CAPE TOWN – There would be no social network or search engine without users.
At the same time, the users would not be as connected online or experience the ease of access to information as they do now due to services offered by the major social network and search engine.
The deal was similar for media companies as well, big tech platforms offered a distribution channel and media companies offered content.
The freemium model that is the foundation of major tech giants works on this basis.
Tech giants offer something for free in return for connection and ease of access to information. In turn, they monetise user data, although without much transparency with users.
At the beginning of it all, there was a form of the social contract between users and tech giants that one will receive and the others will provide. This social contract, however, is now broken.
The data of users has been used in ways that users never imagined. Media companies have in the process lost revenues that have now been rechannelled to social networks such as Facebook and search engines such as Google.
Data has been proclaimed to have surpassed oil as the world’s most valuable asset. Companies such as Facebook and Google have built data-rich monopolies that remorselessly mine the digital assets and behaviours of their users.
They use their privileged access to user data to sell back to them, taking an increasing slice of the economic cake and accumulating disproportionate power and wealth. Facebook is now the world’s biggest data broker. Its business model is based solely on extracting value from user personal digital assets.
The media, a major user of tech giants in the form of being a distribution channel, has worked hard to produce content that has been a key part of search engines and social network giants.
Their ability to continue producing content is now shaky. In the long run, the media will no longer be able to become a protector of democracies without a sustainable business model, which has been disrupted by tech giants such as Facebook and Google. We are now witnessing the rise of fake news taking centre stage online. If this is allowed to continue, we are likely to get less quality news on search engines and social networks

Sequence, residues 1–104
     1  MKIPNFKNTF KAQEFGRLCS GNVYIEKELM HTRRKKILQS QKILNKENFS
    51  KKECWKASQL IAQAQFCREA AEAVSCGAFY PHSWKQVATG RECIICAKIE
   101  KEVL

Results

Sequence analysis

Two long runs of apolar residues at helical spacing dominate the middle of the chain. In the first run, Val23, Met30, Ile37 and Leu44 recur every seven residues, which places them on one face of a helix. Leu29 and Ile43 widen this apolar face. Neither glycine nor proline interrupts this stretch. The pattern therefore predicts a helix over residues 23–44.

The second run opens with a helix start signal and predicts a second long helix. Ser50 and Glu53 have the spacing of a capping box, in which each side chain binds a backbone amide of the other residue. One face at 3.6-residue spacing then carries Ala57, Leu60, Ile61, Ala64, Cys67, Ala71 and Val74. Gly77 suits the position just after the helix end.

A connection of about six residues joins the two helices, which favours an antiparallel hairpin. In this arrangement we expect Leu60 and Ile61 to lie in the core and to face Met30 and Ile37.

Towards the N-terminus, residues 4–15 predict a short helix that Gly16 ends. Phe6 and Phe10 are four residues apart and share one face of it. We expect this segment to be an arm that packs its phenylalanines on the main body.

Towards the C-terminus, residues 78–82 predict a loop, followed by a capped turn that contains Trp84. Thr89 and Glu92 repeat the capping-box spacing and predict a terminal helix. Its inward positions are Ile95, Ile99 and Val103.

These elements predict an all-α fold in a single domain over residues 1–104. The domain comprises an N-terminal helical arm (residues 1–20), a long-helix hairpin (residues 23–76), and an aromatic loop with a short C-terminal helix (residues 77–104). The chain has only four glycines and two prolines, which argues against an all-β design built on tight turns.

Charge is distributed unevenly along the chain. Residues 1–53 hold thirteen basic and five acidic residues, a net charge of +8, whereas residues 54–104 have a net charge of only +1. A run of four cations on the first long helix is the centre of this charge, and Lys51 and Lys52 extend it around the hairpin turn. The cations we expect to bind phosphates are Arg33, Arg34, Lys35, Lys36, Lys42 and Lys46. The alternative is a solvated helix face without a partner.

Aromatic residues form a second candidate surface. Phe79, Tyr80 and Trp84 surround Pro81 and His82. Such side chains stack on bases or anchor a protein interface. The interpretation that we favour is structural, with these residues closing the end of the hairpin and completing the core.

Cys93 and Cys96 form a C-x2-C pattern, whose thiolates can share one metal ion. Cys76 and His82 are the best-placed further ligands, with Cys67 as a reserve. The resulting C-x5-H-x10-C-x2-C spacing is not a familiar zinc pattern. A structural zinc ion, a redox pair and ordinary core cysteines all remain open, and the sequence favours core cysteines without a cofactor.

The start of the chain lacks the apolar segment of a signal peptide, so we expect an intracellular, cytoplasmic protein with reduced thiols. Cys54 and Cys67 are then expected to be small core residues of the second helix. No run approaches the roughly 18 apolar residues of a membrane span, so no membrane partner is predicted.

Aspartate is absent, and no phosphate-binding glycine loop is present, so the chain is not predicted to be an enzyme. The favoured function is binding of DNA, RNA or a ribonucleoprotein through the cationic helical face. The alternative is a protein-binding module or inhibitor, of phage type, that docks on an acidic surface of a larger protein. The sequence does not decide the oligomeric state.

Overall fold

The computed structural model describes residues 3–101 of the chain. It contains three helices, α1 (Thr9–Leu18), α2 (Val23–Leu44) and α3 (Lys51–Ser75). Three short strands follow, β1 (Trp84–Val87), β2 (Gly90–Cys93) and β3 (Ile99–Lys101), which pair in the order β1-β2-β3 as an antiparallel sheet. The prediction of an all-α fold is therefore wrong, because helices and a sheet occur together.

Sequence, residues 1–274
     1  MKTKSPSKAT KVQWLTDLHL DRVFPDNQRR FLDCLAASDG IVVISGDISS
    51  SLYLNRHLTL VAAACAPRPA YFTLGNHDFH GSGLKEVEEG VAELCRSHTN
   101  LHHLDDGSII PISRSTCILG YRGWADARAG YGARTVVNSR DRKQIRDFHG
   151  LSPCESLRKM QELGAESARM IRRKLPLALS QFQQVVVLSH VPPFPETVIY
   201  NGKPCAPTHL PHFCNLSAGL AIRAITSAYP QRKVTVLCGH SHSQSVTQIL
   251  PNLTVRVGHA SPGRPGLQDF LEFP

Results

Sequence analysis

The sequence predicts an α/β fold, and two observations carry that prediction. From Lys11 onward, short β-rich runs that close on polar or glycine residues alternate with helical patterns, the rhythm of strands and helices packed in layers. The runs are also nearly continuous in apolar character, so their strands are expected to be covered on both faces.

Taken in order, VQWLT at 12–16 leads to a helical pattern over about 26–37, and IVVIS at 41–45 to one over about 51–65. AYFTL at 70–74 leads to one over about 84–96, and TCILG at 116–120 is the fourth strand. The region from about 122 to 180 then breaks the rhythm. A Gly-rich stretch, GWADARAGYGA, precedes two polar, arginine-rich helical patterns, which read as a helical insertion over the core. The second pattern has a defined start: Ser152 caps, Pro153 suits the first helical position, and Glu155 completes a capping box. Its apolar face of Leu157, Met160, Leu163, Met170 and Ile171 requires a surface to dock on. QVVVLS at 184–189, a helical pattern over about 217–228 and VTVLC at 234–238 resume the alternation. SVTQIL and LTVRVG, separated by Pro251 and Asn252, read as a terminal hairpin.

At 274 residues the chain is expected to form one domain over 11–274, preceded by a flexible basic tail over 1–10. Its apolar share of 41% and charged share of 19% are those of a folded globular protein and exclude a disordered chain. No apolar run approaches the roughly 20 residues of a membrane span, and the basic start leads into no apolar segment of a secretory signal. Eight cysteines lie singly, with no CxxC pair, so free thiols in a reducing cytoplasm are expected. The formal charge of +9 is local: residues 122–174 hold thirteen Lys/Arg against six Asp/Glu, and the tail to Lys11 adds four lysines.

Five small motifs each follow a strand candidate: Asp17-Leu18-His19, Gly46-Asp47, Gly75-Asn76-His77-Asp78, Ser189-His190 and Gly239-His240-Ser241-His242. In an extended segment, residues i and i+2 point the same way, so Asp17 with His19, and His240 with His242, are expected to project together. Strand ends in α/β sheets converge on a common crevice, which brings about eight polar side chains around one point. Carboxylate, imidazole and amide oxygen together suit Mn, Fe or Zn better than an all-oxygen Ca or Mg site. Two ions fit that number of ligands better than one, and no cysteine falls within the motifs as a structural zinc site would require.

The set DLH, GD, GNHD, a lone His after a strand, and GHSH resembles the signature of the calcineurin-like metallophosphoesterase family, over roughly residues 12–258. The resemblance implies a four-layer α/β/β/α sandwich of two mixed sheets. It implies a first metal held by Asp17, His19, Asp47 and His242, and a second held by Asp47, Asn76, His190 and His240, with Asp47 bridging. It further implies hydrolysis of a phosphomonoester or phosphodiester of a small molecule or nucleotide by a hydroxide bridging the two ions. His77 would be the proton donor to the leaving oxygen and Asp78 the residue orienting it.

The scale is no longer balanced. The producers of content are treated unfairly by tech giants. The major victim is the media industry.
The Australians are now working out a solution.
One of the country’s largest media companies, Nine, headed by a former federal treasurer, has suggested Facebook and Google should compensate media companies up to $432 million (about R7.3billion) for use of their content in Australia.
Both tech giants are unhappy about the move by Australians to demand fair compensation for news content.
There’s no doubt that there’s now a need for a new social contract between users, media companies, and big tech companies such as Google and Facebook. Attempts at correcting this situation in other parts of the world have failed and Australia has become the latest country to do so.
African media entities, however, have done nothing to challenge big tech giants to compensate them for the content they produce.
It is now time that African media entities begin a process of ensuring that there’s fair compensation for content produced by media companies. It is also time for content producers in Africa to be paid for their data online.
Wesley Diphoko is editor-in-chief of Fast Company (SA). You can follow him on Twitter via @WesleyDiphoko